I enjoy the idea of thinking in probabilities, and also, as part of my job, I have to deal with the hellish task of figuring out how to present probabilities to people in a simple way.

It seems fairly easy to reason about probabilities for discrete events, there's a whole apparatus of reasoning regarding binary outcomes that's more or less "made it into the zeitgeist" at this point.

For > 2 discrete outcomes you can pretty much reason in terms of accuracy + balanced accuracy + (in specific cases) a custom-weighted accuracy.

Again, these seem intuitive to me for two reasons:

you can present them to intelligent people that aren't too familiar with mathematics overall and they "click" fairly quickly.

they are simple enough that our monkey brains can use them, to some extent, in day-to-day reasoning

On the other hand, I can't find a solution that's as intuitive for numerical predictions, the two most obvious are:

r2 score, which is a "scientific" context will usually make sense, to some extent, under certain assumptions about the distribution of your data

a "percentage accuracy" score (e.g. abs(inferred - observed)/observed ) which indicates the error as some percentage of the original value... however this gets really tricky when trying to sum up more than one observation and in many situations, it seems to scale oddly.

a "difference accuracy" score (e.g. abs(inferred - observed) )

Even worst, given all those 3 scores combined, you're still left with many problem types for which they are unrepresentative.

Granted, one can throw 20 other error measures at the problem and paint a basically clear picture, but then the "understandable" bit is lost. Even an r2 score is not really obvious unless you work in specific domains. The "percentage" and "difference" based accuracy scores, on the other hand, behave horribly chaotic even with seemingly small inferential differences and can often be completely misleading even when taken together ... hence why I assume, they are never used ... but they are the easiest to explain to epople.

The alternative I currently have is always having confidence intervals, and thinking about accuracy as being bound by those. But that just tosses you into a whole different problem space regarding figuring out the acceptable distance between the inferential bonds.

Obviously, there's no solution here, even the combination of balanced + unbalanced accuracy for the discrete case leaves us with a lot of situations where it doesn't pain a representative picture. But I'm curious what you guys would use to explain, and more importantly to reason internally, about the confidence/certainty/probability of a continuous inference. What's a good starting point that seems to give "decent" results for the vast majority of continuous-target problems you encounter in life?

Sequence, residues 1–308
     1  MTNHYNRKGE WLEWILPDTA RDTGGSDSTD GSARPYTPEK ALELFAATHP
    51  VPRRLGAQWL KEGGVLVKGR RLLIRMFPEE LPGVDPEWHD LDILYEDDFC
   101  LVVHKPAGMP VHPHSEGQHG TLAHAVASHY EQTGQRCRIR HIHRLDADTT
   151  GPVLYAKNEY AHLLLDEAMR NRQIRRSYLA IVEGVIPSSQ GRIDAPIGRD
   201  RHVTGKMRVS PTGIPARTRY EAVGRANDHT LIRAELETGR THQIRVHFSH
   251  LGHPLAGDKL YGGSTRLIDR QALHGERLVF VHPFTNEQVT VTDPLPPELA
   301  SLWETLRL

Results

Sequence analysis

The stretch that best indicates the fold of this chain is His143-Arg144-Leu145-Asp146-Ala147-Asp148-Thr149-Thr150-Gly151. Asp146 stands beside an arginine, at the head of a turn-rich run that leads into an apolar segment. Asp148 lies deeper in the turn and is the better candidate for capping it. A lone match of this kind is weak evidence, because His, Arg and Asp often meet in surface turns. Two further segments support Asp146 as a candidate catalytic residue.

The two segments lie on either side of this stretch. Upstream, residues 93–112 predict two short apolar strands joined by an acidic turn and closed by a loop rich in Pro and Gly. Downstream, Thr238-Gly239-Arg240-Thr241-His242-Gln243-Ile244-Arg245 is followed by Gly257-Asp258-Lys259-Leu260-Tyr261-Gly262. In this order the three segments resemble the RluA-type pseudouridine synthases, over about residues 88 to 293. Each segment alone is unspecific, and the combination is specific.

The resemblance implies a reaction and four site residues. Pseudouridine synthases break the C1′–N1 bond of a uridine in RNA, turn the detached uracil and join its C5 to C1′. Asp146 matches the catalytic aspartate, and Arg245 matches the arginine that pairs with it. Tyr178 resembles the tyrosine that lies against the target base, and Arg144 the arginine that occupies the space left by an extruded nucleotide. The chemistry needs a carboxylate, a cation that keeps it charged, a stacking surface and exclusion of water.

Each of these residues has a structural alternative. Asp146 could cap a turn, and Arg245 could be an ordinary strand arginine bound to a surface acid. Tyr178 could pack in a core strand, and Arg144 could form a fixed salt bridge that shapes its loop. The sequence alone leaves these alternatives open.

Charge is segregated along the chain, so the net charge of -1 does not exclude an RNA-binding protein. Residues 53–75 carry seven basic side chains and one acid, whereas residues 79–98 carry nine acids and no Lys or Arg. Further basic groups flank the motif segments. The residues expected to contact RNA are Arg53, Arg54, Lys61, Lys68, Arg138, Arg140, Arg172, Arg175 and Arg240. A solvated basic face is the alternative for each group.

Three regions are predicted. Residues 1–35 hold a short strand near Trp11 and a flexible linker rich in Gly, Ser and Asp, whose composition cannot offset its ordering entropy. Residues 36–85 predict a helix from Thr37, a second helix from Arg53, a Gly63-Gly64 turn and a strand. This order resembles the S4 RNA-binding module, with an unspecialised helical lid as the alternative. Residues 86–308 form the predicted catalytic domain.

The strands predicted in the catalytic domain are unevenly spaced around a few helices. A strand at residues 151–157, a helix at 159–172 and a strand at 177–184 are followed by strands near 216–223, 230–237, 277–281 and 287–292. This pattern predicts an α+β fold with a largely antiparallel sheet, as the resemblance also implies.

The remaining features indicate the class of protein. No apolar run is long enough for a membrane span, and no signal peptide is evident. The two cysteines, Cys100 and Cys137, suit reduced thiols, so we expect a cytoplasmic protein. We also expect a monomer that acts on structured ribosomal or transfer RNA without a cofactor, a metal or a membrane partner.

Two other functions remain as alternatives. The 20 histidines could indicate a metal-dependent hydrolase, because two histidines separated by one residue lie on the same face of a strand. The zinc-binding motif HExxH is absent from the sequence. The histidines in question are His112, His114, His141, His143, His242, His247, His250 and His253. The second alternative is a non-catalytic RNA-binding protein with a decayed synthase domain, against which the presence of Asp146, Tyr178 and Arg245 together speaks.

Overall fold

I enjoy the idea of thinking in probabilities, and also, as part of my job, I have to deal with the hellish task of figuring out how to present probabilities to people in a simple way.

It seems fairly easy to reason about probabilities for discrete events, there's a whole apparatus of reasoning regarding binary outcomes that's more or less "made it into the zeitgeist" at this point.

For > 2 discrete outcomes you can pretty much reason in terms of accuracy + balanced accuracy + (in specific cases) a custom-weighted accuracy.

Again, these seem intuitive to me for two reasons:

On the other hand, I can't find a solution that's as intuitive for numerical predictions, the two most obvious are:

`abs(inferred - observed)/observed`

) which indicates the error as some percentage of the original value... however this gets really tricky when trying to sum up more than one observation and in many situations, it seems to scale oddly.`abs(inferred - observed)`

)Even worst, given all those 3 scores combined, you're still left with many problem types for which they are unrepresentative.

Granted, one can throw 20 other error measures at the problem and paint a basically clear picture, but then the "understandable" bit is lost. Even an r2 score is not really obvious unless you work in specific domains. The "percentage" and "difference" based accuracy scores, on the other hand, behave horribly chaotic even with seemingly small inferential differences and can often be completely misleading even when taken together ... hence why I assume, they are never used ... but they are the easiest to explain to epople.

The alternative I currently have is always having confidence intervals, and thinking about accuracy as being bound by those. But that just tosses you into a whole different problem space regarding figuring out the acceptable distance between the inferential bonds.

Obviously, there's no

solutionhere, even the combination of balanced + unbalanced accuracy for the discrete case leaves us with a lot of situations where it doesn't pain a representative picture. But I'm curious what you guys would use to explain, and more importantly to reason internally, about the confidence/certainty/probability of a continuous inference. What's a good starting point that seems to give "decent" results for the vast majority of continuous-target problems you encounter in life?